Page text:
Baha'i mindset on historicity of the scriptures
By JoAnn Borovicka, Dec 26 2018 05:35PM
One of the participants in a course on Judaism for Deepening and Dialogue asked about what the Baha'i mindset might be in regards to the historicity of stories presented in the Torah. I'd like to share some of my response:
When asked about dates of the ancient Prophets, Shoghi Effendi stated that "Tentatively we can accept what historians may consider accurate." (From a letter written on behalf of Shoghi Effendi, dated November 25, 1950, to an individual, in Compilation of Compilations, vol. I, no. 64) I think the key word here is "tentative." History is not an authoritative list of what happened, it's fluid. Ancient history isn't a list of facts, it's a complex debate. Theories change with new findings. Scholars can look at the same archeological data and come to different conclusions. Understanding this, and in a spirit of appreciation for scientific and academic research (harmony of science and religion), Baha'is can, like others and to the degree that it interests them, tentatively understand the historicity of the scriptural stories according to whatever evidence and interpretations make sense to them at the time.
For a specifically Baha'i mindset, that would be to focus on the spiritual meaning of the stories. I think that Bahá’u’lláh's "Responses to questions of Mánikchí Sáhib” found in The Tabernacle of Unity really demonstrates this principle. Mánikchí Sáhib had requested distinct rulings on an array of outwardly contradictory (and ancient) religious traditions. Which was right? Who was right? What was most acceptable in the sight of God? In His response, Bahá’u’lláh does not engage in the disputes between those traditions but confirms the unity of the divine process that is evident in all of them (the spiritual meanings). In His discourse on these differing traditions Bahá’u’lláh states, “These differences are not worthy of mention. The eye of divine mercy casteth its glance upon all that is past. It behoveth us to mention them only in favourable terms, for they do not contradict that which is essential.” [TU 2.18] Then Bahá’u’lláh repeatedly states the following imperative as the ultimate answer to all of Mánikchí Sáhib’s inquiries about different and contradictory religious traditions: “Be anxiously concerned with the needs of the age ye live in, and centre your deliberations on its exigencies and requirements.” [TU 2.5, 2.7, 2.16, 2.31]
I see the message as don't get involved in disputes about old traditions, look to the essential spiritual truths in those traditions, and apply these spiritual truths to the problems of today. So, in any conversation having to do with Hebrew scriptural events, our mindset can be to speak of them in favorable terms, don't get involved in the disputes (there will always be disputes), look to the essential spiritual meanings in the stories, and apply their spiritual messages to oneself and the needs and exigencies of today.
One more consideration as we work on our Baha'i mindset. We will notice that the Central Figures often refer to stories of the ancient biblical scriptures in Their discourses. If we examine these references, we will see that they are always in the context of instruction having to do with Baha'i teachings for this age such as progressive revelation, evils of social oppression, the unique station of the Manifestation of God, the ancient eternity of God's guidance, the world's persecution of the Manifestation of God. The Bab's first Tablet upon His Declaration was on the story of Joseph -- in the Bab's discourse, the story of Joseph symbolizes the violent reception and ultimate victory of every Manifestation of God and everything in between. The story of Joseph isn't important because once there was a prophet named Joseph (we don't know that). It's important because the story of Joseph symbolically conveys essential spiritual truths about every Revelation of every Manifestation of God. It's about the spiritual message.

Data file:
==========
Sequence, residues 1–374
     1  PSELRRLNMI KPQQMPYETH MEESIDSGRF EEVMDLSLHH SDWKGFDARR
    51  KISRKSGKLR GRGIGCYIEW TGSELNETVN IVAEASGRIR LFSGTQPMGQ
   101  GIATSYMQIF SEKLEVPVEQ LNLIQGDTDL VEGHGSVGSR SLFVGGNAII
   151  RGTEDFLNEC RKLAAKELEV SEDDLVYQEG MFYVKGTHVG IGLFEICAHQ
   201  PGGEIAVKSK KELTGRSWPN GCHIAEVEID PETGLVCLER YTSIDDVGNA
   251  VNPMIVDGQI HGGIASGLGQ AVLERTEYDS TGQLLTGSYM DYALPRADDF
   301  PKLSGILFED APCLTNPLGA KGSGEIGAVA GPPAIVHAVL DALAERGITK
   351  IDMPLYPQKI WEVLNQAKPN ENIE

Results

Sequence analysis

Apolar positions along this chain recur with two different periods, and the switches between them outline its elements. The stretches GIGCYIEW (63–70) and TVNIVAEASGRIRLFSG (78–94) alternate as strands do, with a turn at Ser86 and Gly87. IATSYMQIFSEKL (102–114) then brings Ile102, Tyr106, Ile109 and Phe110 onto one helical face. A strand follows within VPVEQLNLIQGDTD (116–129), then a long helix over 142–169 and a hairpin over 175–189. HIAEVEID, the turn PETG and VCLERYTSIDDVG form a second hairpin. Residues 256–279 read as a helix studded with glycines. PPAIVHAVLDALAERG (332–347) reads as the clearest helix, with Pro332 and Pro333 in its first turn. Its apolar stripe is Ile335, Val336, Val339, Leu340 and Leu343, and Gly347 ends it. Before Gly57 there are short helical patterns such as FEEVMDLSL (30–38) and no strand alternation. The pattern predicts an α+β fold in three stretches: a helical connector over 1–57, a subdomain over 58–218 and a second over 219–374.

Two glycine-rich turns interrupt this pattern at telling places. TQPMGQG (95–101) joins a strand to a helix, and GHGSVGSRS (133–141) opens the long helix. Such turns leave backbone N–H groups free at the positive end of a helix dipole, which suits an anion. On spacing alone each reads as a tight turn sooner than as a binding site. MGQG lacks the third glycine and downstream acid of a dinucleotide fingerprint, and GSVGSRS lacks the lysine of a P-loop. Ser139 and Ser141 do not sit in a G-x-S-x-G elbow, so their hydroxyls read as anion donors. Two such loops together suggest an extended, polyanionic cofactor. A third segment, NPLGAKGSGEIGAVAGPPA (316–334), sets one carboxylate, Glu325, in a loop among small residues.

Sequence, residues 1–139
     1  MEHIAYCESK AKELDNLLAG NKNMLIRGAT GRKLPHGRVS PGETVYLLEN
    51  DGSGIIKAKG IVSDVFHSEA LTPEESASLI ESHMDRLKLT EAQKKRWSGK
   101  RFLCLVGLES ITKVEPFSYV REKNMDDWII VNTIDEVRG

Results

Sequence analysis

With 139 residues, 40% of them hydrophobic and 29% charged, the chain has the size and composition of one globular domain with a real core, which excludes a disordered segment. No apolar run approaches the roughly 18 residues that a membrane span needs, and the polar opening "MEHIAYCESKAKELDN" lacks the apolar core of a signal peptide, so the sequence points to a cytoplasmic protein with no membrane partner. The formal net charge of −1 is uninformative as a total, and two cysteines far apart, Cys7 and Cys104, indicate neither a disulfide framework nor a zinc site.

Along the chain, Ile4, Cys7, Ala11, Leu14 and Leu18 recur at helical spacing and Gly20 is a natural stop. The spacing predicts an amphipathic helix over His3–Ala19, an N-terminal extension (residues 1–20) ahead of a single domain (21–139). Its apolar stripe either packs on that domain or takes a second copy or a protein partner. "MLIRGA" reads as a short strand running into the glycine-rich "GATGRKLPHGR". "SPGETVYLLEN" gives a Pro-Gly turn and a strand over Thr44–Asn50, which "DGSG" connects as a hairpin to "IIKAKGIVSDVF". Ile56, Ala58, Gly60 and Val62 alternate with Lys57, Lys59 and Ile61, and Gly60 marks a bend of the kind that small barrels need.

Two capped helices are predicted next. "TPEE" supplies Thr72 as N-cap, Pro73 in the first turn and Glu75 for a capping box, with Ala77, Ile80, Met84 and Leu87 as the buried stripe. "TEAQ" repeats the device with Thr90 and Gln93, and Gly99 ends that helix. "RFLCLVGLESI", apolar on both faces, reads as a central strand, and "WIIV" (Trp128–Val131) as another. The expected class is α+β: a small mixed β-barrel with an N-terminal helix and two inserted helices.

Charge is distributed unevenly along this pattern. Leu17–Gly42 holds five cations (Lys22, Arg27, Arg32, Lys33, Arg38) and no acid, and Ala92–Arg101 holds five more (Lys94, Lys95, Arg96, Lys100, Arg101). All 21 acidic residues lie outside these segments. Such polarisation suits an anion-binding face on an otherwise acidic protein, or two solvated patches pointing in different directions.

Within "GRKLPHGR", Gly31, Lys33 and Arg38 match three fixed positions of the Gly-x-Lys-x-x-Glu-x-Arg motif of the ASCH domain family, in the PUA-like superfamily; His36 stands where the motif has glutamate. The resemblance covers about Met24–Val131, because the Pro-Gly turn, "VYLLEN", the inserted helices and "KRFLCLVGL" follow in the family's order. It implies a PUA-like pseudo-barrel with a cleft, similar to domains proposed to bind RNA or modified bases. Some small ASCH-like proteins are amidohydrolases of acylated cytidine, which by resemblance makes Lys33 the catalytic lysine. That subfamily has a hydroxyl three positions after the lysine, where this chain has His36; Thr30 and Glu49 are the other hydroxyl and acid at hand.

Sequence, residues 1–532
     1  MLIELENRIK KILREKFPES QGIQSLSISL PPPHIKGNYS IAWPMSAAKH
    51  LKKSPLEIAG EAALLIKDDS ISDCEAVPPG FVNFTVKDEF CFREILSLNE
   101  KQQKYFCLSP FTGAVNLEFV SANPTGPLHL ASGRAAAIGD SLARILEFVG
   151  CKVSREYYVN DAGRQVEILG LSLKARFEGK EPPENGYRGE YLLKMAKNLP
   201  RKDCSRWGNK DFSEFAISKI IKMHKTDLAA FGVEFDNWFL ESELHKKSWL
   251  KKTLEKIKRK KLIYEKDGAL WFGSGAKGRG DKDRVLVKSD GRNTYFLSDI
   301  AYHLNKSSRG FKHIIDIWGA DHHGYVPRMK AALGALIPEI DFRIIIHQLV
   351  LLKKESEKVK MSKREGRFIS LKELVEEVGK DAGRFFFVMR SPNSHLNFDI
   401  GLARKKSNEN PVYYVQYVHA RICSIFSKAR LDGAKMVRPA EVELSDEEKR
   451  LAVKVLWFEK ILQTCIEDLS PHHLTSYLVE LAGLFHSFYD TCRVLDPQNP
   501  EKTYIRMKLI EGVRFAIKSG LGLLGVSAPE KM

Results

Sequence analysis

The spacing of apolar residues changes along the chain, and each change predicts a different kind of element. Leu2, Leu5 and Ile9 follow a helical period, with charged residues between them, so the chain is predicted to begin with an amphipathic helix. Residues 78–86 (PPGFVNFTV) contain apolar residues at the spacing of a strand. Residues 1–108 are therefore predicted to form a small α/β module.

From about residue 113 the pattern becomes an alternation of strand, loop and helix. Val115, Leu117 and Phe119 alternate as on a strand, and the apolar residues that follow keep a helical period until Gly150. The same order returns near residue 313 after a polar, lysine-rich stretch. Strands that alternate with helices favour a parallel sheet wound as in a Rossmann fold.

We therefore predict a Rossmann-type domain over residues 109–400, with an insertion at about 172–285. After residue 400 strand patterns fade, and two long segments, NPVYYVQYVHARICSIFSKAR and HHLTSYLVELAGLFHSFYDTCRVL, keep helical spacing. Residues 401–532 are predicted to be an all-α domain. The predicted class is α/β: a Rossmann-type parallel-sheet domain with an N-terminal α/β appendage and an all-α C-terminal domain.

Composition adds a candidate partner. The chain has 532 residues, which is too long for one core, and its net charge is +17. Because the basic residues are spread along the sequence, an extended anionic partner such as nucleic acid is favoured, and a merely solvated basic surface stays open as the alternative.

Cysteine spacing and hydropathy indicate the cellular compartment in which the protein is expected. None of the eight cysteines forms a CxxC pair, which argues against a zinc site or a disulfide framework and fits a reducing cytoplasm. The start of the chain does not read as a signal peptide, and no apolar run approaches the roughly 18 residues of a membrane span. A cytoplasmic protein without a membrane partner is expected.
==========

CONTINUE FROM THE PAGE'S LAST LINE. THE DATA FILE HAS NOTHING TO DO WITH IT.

It is tempting to conflate the authority and authenticity of the Baha'i Writings with the need to interpret all of the discourses literally and to assume, for example, that if the Bab discourses on the story of Joseph then the story of Joseph must be historical fact. Or if Baha'u'llah refers to the Israelites enslaved under a tyrannical Pharaoh, then it must mean that the Israelites were enslaved in Egypt under a tyrannical Pharaoh. We have guidance that indicates that this is not always the case. Here are some brief quotes on the topic:
· Tablets may be “revealed according to the prevailing understanding of the people of that time.” [Bahá’u’lláh, Ayát-i-Iláhi, vol. 2, p. 68]
· Discourses may be conducted “conformably to those authoritative accounts which all nations are agreed upon.” [‘Abdu’l-Bahá, Secret of Divine Civilization, p. 75]
· “[C]ertain matters are in reality just stories, but the Divine Manifestations bring them out as though it were truth and discourse upon them.” [‘Abdu’l-Bahá, Amr va Khalq, 2:211]
· The Central Figures may use terms of certain religious sects “in conformity with the concepts of its followers.” [Shoghi Effendi cited in “Socrates” Memorandum, 22 October 1995. http://bahai-library.com/compilation_socrates_bwc#15]
· “The fact that Bahá’u’lláh makes such statements for the sake of illustrating the spiritual principles that He wishes to convey, does not necessarily mean that He is endorsing their historical accuracy.” [Universal House of Justice,“ Socrates” Memorandum, 22 October 1995. http://bahai-library.com/compilation_socrates_bwc#15]
Those are some things about a Baha'i mindset having to do with the historicity of scripture. The example of the Central Figures is to speak of traditions favorably, avoid disputes, focus on the divine truths in those traditions, and, when wisdom dictates, engage the essential spiritual meanings in those stories for our own improvement and the illumination of others.